Atlantic Veneer Corporation, Petitioner-appellant, v. Commissioner of Internal Revenue, Respondent-appellee, 812 F.2d 158 (4th Cir. 1987)

Annotate this Case
US Court of Appeals for the Fourth Circuit - 812 F.2d 158 (4th Cir. 1987) Argued Dec. 9, 1986. Decided Feb. 20, 1987

Bertrand Morrison Harding, Jr. (Dennis I. Meyer, Thomas A. O'Donnell, Baker & McKenzie, Washington, D.C., on brief) for petitioner-appellant.

Mary Frances Clark (Roger M. Olsen, Asst. Atty. Gen., Michael L. Paup, David English Carmack, Tax Div., Dept. of Justice, Washington, D.C., on brief) for respondent-appellee.

Before ERVIN and CHAPMAN, Circuit Judges and BUTZNER, Senior Circuit Judge.

CHAPMAN, Circuit Judge:


Taxpayer has appealed the Tax Court's decision, 85 T.C. 1075, upholding the Commissioner's denial of depreciation deductions arising out of taxpayer's interest in a foreign partnership. The Commissioner denied the deductions because taxpayer took the deductions from a stepped-up basis, despite the apparent absence of an election under Sec. 7541 , which permits taxpayers pursuant to Sec. 743(b) to take a step-up in basis resulting from the transfer of interest in a partnership by sale or exchange. We affirm the Tax Court, holding that, despite the somewhat confusing statutory and regulatory requirements, taxpayer could not step up its basis without making an appropriate election under Sec. 754, and that taxpayer has failed to comply substantially with the election requirements.

Taxpayer, Atlantic Veneer Corporation, is a North Carolina corporation. On January 1, 1973, taxpayer acquired a one-third interest in a German partnership known as "K. Heinz Mohring (KG)" (the "German partnership"). The German partnership was organized under the laws of the Federal Republic of Germany in a form which, both litigants agree, is essentially identical to a limited partnership under United States law. The interest acquired by taxpayer in the German partnership was equivalent to a limited partner's interest. The other partners were K. Heinz Mohring, who was both the general partner for the German partnership and taxpayer's chief executive officer, and Transworld Walnut Company, Limited, a Canadian corporation of which taxpayer is a wholly owned subsidiary.

From 1973 to 1978, the German partnership carried on no trade or business within the United States and derived no income from sources within the United States. The German partnership did not file a United States partnership return with the Service during this period. Under the German partnership's Articles of Partnership, the limited partners were not authorized to represent the partnership without a special power of attorney. No such special power was ever requested by or granted to taxpayer that would have authorized it to file a United States tax return on behalf of the German partnership.

Taxpayer paid approximately $5,000,270.00 for its interest in the German partnership, which amount exceeded by approximately $3,000,255.00 the adjusted basis of taxpayer's allocable one-third interest in the German partnership's assets as of January 1, 1973. Under German tax law, if a partnership interest is acquired for an amount in excess of the acquiring partner's allocable basis in the partnership's assets, the acquiror need not file an election to increase his basis in his share of the partnership's assets. The German partnership, rather, pursuant to German law, simply increased on its books and in its tax returns filed in Germany taxpayer's basis in its share of the partnership's assets by the amount of $3,000,255.00 and allocated this excess among the partnership's assets owned as of January 1, 1973. Thus, German law mandates an automatic step-up in basis of partnership assets when a partnership interest is transferred. The German partnership used this increased adjusted basis in computing taxpayer's distributive share of income and deductions for the German partnership's taxable years from 1973 to 1977.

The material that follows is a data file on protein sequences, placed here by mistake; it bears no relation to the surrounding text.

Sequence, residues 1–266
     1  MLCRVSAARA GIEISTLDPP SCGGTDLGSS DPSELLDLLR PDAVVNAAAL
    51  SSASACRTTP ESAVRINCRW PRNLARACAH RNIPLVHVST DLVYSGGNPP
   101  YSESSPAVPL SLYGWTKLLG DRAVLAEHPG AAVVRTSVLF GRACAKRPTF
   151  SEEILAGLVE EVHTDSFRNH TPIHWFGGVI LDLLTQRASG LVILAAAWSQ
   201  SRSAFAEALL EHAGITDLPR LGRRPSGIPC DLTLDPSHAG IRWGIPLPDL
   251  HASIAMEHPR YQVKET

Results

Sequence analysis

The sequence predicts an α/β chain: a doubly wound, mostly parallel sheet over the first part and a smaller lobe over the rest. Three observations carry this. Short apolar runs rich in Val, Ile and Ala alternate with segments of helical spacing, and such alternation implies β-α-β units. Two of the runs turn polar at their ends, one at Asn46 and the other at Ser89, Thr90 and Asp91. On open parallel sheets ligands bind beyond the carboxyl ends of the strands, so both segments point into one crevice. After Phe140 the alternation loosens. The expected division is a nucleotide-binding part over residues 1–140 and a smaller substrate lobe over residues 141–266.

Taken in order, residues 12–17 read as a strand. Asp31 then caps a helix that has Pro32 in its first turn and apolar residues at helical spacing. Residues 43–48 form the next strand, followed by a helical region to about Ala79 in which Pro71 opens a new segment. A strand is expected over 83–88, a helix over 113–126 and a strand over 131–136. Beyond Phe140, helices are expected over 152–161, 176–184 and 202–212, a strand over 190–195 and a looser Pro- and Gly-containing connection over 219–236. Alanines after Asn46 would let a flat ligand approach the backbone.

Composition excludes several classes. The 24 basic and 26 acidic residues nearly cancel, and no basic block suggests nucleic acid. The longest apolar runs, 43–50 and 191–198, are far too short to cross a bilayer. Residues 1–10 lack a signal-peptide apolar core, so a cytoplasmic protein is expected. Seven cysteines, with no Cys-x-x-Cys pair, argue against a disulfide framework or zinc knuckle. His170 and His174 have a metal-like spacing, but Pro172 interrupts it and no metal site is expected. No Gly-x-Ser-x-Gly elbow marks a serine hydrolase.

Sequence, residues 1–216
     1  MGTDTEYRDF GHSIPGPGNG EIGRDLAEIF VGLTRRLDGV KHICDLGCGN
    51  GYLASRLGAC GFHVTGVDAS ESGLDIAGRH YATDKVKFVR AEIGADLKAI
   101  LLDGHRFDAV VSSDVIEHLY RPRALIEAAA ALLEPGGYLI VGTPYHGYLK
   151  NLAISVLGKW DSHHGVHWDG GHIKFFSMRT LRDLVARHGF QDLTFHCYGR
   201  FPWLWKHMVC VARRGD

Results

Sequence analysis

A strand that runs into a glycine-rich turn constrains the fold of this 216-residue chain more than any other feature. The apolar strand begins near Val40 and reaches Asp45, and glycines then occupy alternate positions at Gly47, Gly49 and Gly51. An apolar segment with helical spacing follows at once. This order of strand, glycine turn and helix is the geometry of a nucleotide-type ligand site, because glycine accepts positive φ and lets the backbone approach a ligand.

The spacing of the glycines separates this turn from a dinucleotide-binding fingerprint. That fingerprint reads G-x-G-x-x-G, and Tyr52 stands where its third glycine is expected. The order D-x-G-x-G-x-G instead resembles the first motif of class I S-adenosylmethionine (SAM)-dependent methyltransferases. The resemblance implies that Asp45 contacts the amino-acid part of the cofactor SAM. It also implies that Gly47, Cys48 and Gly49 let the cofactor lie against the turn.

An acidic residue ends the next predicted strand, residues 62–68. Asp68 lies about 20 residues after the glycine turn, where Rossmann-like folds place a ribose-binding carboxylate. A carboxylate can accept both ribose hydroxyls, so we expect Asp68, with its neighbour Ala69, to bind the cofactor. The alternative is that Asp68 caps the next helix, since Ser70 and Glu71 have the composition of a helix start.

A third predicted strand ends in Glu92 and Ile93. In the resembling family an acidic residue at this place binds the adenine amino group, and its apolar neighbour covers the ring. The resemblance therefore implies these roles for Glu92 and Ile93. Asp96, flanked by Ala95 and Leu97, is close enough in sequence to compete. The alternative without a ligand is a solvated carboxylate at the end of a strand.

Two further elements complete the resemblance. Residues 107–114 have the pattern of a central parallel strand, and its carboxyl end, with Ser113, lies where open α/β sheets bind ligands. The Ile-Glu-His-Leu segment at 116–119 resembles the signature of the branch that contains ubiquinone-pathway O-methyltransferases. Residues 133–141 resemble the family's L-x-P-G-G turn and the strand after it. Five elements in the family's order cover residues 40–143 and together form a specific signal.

Taxpayer filed with its United States corporate income tax returns for each of its taxable years from 1974 to 1978 a copy of the German partnership's German income tax return (in German) for its preceding taxable year. Taxpayer did not provide translations of any portion of the German tax returns to the Commissioner for any of the years. Each return did contain a schedule clearly identifying taxpayer's distributive share of the German partnership's income, the rate of exchange used in converting deutsche marks to United States dollars, and a direct reference to the page in the attached German tax return that evidenced that distributive share. This distributive share was computed using a stepped-up basis in the partnership assets. Each appended German partnership tax return, moreover, included a supplement which set forth, on an annual basis, the amount of each partner's allocable adjusted basis in each partnership asset attributable to the excess amount of his purchase price for the partnership interest.

Taxpayer argues that no specific election was required in order for taxpayer to increase its basis in the German partnership's assets because the German partnership was not required to file a United States partnership return. Section 754 grants taxpayers the option of electing out of the rule established in Sec. 743(a), which provides for no step-up in basis upon transfer of partnership property, and into the stepped-up basis treatment in Sec. 743(b). Section 754 specifically requires the statement of election to be filed with a United States partnership tax return. Treas. Reg. Sec. 1.754.1. Treasury Regulation Sec. 1.6031-1 governs when a partnership is required to file a tax return. Subsection (d) states that a "partnership carrying on no business in the United States and deriving no income from sources within the United States need not file a partnership return." Thus, taxpayer asserts that because the German partnership was carrying on no business in the United States, it need not have filed a United States partnership tax return, and because a Sec. 754 election must be filed with the partnership tax return, the German partnership could not have made a Sec. 754 election to allow for a step-up in basis.